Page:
* Local, European elections being held in the UK
* Anti-EU UKIP party forecast to come first or second
* But poll shows Britons would vote to stay in EU
By Andrew Osborn
LONDON, May 22 As Britain voted on Thursday in
local and European elections an opinion poll exposed a paradox:
The anti-EU UK Independence Party is forecast to win the
European vote yet public opinion favours staying inside the
The poll, the last conducted before voting began, was based
on an unusually large sample of more than 6,000 people, and
suggested many were unhappy about the nature of Britain's ties
with the EU even if they didn't favour leaving the bloc.
The YouGov survey put support for UKIP, which wants Britain
to leave the EU, on 27 percent, ahead of all other parties. But
paradoxically it said 42 percent of those polled would vote to
stay in the EU if given the chance and 37 percent to leave.
UKIP wants an in/out EU membership referendum but has no
lawmakers in the British parliament to press for one, while
Conservative Prime Minister David Cameron has promised to hold
such a vote by the end of 2017 if re-elected next year. The
Liberal Democrats and the opposition Labour party only back such
a vote if there's a major new power transfer to the EU.
Mats Persson, the director of Open Europe, a think tank
which campaigns for reform of the EU, said the poll showed UKIP
leader Nigel Farage had not yet won the big argument.
"Farage himself is very effective at maximising the vote,"
Persson told Reuters. "But fundamentally he has failed to
convince a majority of the British public on this key issue
because he has not put forward a credible option for life
outside the EU."
Farage says Britain would be more democratic and prosperous
outside the 28-nation bloc.
Patrick O'Flynn, UKIP's director of communications, said the
party planned to fight one battle at a time.
"People are not very good predictors of their own future
attitudes and much better at knowing what they are currently
thinking," he said. "It (the poll) doesn't particularly worry me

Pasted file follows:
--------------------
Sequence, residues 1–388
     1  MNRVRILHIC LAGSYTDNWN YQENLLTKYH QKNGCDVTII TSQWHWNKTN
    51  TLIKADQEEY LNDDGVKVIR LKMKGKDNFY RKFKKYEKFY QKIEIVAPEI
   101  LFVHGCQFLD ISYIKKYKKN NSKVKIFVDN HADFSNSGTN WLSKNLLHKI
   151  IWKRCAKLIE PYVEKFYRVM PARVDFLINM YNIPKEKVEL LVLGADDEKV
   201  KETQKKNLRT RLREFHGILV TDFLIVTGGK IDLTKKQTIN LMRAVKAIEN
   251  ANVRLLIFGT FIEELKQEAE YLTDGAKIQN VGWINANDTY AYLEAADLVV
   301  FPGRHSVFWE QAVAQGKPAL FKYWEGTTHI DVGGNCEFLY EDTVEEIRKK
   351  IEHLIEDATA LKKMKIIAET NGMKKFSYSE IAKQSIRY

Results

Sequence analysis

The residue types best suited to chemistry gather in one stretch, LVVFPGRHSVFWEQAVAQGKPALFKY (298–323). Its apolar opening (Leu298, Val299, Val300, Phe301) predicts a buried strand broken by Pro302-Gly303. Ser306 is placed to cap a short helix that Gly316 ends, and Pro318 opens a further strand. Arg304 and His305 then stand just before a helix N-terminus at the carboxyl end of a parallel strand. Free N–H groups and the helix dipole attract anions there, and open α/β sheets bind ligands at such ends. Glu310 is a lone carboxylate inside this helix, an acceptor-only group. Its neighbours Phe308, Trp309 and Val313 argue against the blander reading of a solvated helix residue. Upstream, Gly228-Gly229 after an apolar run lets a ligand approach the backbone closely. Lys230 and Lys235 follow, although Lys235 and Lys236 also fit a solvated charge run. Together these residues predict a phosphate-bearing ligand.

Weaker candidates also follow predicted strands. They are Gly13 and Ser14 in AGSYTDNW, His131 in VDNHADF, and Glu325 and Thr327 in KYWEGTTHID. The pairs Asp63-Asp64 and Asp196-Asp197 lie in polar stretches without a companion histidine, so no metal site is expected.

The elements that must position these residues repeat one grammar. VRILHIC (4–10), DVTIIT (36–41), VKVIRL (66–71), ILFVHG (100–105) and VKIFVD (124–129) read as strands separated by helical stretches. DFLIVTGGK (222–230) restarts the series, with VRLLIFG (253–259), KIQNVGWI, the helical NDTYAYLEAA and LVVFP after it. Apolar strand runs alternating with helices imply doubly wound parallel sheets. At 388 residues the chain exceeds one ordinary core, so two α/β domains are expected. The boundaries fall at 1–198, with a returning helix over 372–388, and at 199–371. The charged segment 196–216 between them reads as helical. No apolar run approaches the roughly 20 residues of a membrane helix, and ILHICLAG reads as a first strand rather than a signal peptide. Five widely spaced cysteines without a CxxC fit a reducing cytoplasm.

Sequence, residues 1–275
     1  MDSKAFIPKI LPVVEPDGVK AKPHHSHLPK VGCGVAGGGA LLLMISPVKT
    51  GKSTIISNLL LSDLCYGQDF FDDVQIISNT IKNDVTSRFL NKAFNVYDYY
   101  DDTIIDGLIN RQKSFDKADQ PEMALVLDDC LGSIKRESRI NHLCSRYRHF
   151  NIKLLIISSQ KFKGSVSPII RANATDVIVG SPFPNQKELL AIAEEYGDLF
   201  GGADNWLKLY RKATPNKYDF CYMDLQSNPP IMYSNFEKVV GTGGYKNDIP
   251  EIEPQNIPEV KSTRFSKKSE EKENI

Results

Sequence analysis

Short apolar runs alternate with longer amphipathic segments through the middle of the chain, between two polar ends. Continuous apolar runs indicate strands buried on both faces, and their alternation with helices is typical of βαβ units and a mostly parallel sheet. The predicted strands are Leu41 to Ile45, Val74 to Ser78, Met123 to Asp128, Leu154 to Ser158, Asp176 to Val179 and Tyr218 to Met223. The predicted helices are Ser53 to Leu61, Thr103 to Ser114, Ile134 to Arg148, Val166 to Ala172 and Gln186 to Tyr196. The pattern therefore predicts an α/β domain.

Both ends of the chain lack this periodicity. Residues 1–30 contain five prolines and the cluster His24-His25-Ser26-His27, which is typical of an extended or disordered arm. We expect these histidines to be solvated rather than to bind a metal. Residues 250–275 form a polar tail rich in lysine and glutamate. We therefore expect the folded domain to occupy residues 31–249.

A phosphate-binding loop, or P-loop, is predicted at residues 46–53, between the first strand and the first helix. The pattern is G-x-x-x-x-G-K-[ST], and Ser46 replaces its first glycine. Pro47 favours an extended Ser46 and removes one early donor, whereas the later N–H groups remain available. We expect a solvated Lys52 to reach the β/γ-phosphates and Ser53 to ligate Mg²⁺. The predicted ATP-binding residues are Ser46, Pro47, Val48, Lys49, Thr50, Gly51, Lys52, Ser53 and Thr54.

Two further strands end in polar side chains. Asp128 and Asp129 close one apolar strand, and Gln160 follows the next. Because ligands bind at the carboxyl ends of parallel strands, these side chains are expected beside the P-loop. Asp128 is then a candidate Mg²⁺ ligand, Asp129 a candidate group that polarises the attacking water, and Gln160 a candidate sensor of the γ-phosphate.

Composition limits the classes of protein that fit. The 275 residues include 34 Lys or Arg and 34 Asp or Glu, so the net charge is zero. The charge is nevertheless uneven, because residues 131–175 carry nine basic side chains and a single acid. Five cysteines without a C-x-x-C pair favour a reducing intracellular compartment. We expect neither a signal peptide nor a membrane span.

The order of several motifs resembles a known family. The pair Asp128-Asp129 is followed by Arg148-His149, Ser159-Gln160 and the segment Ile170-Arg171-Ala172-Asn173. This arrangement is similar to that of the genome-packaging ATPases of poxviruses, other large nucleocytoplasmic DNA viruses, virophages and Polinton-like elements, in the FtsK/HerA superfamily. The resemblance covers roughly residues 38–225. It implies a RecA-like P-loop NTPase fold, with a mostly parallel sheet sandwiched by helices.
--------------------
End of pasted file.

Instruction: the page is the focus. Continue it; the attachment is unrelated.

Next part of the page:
in terms of winning a referendum."
The European election, though in many ways a poor indicator
of voting intentions in a national vote, is the last test of
British national opinion before a general election next year and
is seen as a useful barometer of the public mood.
The elections will determine the political persuasion of
Britain's 73 lawmakers in the 751-seat European Parliament.
Local elections being held on the same day will decide the fate
of 4,216 local council seats, many of them in London.
Thursday's survey, conducted on Tuesday and Wednesday among
6,124 people, put UKIP's support on 27 percent. The Labour party
was on 26 percent, the Conservatives on 22 percent, the Greens
on 10 percent, and the Liberal Democrats on 9 percent.
That is broadly consistent with previous polls, which
suggest many voters are fed up with the three main political
parties, viewing their policies as increasingly
Many Britons feel London has surrendered too many powers to
the EU and UKIP has argued that the EU's freedom of movement
policy makes it impossible to control Britain's borders.
Thursday's poll suggested UKIP's linkage of the two issues
was one which resonated with voters. The survey showed
immigration and Europe topped voter concerns, outstripping
worries over the economy.
The findings are mixed news for Prime Minister Cameron. They
suggests his pledge to try to reshape Britain's EU ties and hold
an EU membership referendum if re-elected is attractive to many
voters despite doubts over whether he can achieve reform.
However, the level of public anxiety about immigration is a
problem for him. His promise to reduce net migration to the
"tens of thousands" is way off target as figures published on
His party was never expected to do well on Thursday. Most
polls have long shown it will be pushed into third place behind
Labour and UKIP in a vote that many Britons regard as a
consequence-free opportunity to punish the incumbent party for
its perceived failings to try to correct its course.
Turnout in such elections is traditionally low. Polling
shows many Britons don't care who represents them in the
European Parliament or at a local level, and the proportional
representation voting system means the ballot favours small
parties whose chances of doing well in national elections are
much lower because of the first-past-the-post voting system.
However, the closeness of Thursday's vote to next year's
national election means the results will be closely watched and
could trigger potentially serious changes in political parties'
morale, lineup, and policies.
Results for the European elections will be available on
Sunday evening, in line with the rest of the EU, while results
for the local elections, likely to offer a foretaste of the EU
results, will be released in full on Friday.
(Editing by Ralph Boulton)